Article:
Year of composition
This piece was commissioned by the Festival de Música de León 2006 to be premiered in July by the Orquesta Ibérica under the baton of the composer, with Luís Muñiz as soloist.
It is always particularly motivating to write a concerto for an instrument, which is traditionally limited in repertoire. The viola has a special beauty – it can be agile like the violin and deep like the cello, offering the best of the two greatest string instruments.
This piece is divided in four movements, which are paired (2 and 2) with only one interruption.
The Adagio elegiaco is a short movement with an introductory character. The intense low register of the viola in the first theme contrasts with the second theme, which is more peaceful and contemplative in the high register. A last idea, a sort of a coda, brings the music back down to the initial low register. Without pause, the racing vivacious second movement follows in ternary rhythm with a persistent idea of repeated notes. In ternary form (A-B-A), the central part develops the first theme of the first movement, and presents a new theme with continual meter changes. After a reduced reexposition, a bright, highly virtuoso coda follows.
The Lento espressivo is an agitated movement, charged with emotion and tension. The harmonics of the central part give an appropriate cold contrast in the midst of the great intensity of the movement. The Cadenza follows without interruption, acting as a bridge between the last two movements. Its beginning is quiet and meditative, but in the middle the Allegro is introduced with its own main themes, which totally changes the character of the music and precipitates the entrance of the orchestra.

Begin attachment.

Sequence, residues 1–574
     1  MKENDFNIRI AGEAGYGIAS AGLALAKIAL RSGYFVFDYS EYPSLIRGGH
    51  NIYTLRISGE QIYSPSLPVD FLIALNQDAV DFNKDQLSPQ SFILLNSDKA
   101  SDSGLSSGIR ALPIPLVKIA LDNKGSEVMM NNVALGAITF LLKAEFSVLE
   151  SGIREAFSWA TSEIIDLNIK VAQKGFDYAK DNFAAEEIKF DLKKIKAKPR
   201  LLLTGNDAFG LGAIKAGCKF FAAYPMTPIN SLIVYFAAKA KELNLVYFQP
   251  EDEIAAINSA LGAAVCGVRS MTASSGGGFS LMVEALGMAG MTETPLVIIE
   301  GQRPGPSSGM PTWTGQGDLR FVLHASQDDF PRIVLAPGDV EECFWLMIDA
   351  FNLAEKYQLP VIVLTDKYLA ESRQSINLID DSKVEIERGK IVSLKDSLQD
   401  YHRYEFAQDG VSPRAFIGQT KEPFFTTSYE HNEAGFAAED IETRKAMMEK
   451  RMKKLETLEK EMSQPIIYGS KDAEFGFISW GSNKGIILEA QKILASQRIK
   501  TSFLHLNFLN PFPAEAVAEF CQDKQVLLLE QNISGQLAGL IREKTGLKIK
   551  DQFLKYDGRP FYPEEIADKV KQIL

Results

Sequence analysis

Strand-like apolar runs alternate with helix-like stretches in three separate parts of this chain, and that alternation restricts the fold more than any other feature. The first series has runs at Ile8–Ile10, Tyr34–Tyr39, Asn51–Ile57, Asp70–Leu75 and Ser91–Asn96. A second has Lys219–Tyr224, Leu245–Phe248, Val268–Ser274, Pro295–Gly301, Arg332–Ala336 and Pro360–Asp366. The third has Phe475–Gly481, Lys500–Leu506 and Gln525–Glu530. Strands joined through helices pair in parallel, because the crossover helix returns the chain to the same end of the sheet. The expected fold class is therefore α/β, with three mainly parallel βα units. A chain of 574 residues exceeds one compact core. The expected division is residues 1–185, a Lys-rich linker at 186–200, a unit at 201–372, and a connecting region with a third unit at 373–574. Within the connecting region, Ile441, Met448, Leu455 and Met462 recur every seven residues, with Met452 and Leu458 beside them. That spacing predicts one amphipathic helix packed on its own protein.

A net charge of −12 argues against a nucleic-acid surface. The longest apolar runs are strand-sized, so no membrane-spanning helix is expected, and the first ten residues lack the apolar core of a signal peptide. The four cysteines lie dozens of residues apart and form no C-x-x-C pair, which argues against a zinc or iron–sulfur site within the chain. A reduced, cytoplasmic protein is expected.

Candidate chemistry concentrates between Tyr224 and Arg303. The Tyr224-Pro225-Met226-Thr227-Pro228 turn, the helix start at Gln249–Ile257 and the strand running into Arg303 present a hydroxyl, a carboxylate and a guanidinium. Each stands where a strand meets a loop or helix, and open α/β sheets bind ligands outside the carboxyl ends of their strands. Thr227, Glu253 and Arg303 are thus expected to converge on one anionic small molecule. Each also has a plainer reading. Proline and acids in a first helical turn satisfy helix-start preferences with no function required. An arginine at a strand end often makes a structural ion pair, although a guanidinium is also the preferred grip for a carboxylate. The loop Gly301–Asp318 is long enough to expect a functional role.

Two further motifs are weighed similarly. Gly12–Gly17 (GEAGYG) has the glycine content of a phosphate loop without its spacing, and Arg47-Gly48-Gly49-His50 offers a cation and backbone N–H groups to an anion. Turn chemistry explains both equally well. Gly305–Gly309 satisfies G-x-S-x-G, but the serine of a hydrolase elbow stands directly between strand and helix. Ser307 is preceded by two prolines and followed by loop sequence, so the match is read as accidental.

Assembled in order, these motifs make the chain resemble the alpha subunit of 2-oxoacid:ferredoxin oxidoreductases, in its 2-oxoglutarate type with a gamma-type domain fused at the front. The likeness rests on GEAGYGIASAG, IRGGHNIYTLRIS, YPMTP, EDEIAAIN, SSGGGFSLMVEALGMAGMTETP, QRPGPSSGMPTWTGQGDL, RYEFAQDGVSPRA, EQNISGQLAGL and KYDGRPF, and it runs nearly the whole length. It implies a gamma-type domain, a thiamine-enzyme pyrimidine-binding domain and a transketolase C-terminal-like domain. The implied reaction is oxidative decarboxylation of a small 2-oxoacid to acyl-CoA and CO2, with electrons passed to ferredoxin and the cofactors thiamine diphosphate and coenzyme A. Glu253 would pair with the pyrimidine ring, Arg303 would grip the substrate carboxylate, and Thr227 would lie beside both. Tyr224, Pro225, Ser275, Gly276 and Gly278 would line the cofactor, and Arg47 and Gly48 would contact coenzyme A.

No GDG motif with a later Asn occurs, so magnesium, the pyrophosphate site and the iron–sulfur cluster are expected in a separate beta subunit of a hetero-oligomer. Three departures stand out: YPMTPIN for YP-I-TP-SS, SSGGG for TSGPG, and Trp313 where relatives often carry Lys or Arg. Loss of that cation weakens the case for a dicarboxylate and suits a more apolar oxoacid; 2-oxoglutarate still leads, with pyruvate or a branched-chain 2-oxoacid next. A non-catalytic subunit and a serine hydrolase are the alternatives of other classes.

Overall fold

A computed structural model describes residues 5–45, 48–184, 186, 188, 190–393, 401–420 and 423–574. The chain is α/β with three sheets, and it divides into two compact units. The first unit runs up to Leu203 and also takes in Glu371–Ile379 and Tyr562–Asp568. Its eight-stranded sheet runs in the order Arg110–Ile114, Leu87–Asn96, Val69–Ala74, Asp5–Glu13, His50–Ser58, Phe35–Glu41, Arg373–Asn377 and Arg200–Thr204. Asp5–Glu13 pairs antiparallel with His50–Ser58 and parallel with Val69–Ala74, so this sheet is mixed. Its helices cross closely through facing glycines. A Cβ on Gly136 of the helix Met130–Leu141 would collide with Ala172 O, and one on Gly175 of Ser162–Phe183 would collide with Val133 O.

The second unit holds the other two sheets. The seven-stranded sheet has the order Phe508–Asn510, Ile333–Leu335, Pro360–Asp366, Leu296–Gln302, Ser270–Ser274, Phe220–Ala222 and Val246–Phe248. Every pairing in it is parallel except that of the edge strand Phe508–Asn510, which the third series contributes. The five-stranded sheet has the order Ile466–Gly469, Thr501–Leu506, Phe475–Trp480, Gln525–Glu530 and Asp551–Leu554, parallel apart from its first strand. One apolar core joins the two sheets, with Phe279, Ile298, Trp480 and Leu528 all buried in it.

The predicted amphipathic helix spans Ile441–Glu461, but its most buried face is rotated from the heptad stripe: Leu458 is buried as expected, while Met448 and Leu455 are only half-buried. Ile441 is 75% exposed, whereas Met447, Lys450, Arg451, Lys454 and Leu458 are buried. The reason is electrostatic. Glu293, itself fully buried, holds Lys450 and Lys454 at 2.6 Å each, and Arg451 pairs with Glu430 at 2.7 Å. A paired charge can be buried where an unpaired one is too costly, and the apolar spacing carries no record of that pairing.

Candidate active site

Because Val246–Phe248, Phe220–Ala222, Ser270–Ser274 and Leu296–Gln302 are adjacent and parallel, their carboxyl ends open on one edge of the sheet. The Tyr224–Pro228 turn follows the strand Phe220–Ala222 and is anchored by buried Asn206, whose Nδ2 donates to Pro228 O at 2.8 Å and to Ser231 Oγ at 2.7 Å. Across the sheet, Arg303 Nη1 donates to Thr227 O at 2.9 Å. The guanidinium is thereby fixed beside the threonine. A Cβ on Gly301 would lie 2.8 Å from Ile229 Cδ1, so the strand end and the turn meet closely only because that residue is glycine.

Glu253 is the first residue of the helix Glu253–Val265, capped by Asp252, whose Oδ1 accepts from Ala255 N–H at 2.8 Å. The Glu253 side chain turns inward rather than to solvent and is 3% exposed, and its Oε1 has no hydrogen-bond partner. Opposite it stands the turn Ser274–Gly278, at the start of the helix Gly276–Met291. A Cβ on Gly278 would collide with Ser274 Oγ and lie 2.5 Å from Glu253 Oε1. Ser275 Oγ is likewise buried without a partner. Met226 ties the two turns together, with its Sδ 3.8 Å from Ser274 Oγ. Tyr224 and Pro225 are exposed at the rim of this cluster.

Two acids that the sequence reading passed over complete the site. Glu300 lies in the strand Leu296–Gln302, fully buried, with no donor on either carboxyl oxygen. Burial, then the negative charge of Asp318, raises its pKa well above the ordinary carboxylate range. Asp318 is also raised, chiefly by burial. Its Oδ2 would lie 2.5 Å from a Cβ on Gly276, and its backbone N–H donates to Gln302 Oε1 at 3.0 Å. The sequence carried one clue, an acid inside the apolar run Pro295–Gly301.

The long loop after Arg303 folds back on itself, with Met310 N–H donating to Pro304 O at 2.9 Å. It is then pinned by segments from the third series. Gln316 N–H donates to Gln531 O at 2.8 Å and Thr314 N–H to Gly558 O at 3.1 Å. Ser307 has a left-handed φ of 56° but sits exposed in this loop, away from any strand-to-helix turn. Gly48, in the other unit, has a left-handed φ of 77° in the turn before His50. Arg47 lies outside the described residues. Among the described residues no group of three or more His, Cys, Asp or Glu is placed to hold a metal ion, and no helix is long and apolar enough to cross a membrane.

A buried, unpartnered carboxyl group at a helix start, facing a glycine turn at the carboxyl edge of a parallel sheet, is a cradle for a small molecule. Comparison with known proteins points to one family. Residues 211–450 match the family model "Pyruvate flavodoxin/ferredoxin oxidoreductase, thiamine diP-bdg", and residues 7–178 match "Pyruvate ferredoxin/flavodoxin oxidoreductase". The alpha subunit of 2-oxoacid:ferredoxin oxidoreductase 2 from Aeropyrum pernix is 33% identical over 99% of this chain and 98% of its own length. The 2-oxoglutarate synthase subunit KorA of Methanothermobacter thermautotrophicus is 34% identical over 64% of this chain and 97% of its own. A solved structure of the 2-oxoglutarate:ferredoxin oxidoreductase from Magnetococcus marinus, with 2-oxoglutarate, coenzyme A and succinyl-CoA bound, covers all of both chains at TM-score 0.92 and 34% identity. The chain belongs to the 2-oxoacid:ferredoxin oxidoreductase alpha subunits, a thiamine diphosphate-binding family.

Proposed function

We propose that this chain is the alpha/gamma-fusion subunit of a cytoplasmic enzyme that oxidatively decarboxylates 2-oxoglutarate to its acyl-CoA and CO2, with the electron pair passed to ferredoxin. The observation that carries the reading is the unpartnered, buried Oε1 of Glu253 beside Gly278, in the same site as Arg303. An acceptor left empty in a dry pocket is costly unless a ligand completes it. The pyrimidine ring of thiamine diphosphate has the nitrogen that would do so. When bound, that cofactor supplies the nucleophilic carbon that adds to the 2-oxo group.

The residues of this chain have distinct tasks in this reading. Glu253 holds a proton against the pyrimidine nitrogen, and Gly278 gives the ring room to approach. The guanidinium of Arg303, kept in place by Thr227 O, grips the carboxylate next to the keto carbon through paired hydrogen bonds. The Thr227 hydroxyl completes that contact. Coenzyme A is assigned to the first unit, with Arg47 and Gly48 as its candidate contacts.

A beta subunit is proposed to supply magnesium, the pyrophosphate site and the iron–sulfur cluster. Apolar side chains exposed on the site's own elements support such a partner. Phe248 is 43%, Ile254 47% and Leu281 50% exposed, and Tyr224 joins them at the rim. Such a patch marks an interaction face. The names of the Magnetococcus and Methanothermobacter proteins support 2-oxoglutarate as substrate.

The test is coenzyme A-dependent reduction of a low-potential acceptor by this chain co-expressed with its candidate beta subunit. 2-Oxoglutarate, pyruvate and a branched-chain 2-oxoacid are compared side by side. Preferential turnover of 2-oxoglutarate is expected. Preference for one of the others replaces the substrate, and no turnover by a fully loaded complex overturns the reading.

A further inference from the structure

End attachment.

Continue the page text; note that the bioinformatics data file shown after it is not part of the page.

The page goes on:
The last movement is essentially rhythmic and energetic. The multiple accents in the weak parts create the sensation of many irregular bars despite the fact that the whole movement is written in simple time signatures. The second theme comes from the first movement, and at the end of the work the main theme of the third movement is combined with elements taken from the entire movement.
This work was originally written for viola and string orchestra, but from the very beginning of conceiving the work, the composer had in mind to orchestrate it for a full orchestra (with winds and percussion). With the symphonic orchestra, the work gains in timbre diversity and brightness, and the viola sound stands out more among the accompanying web.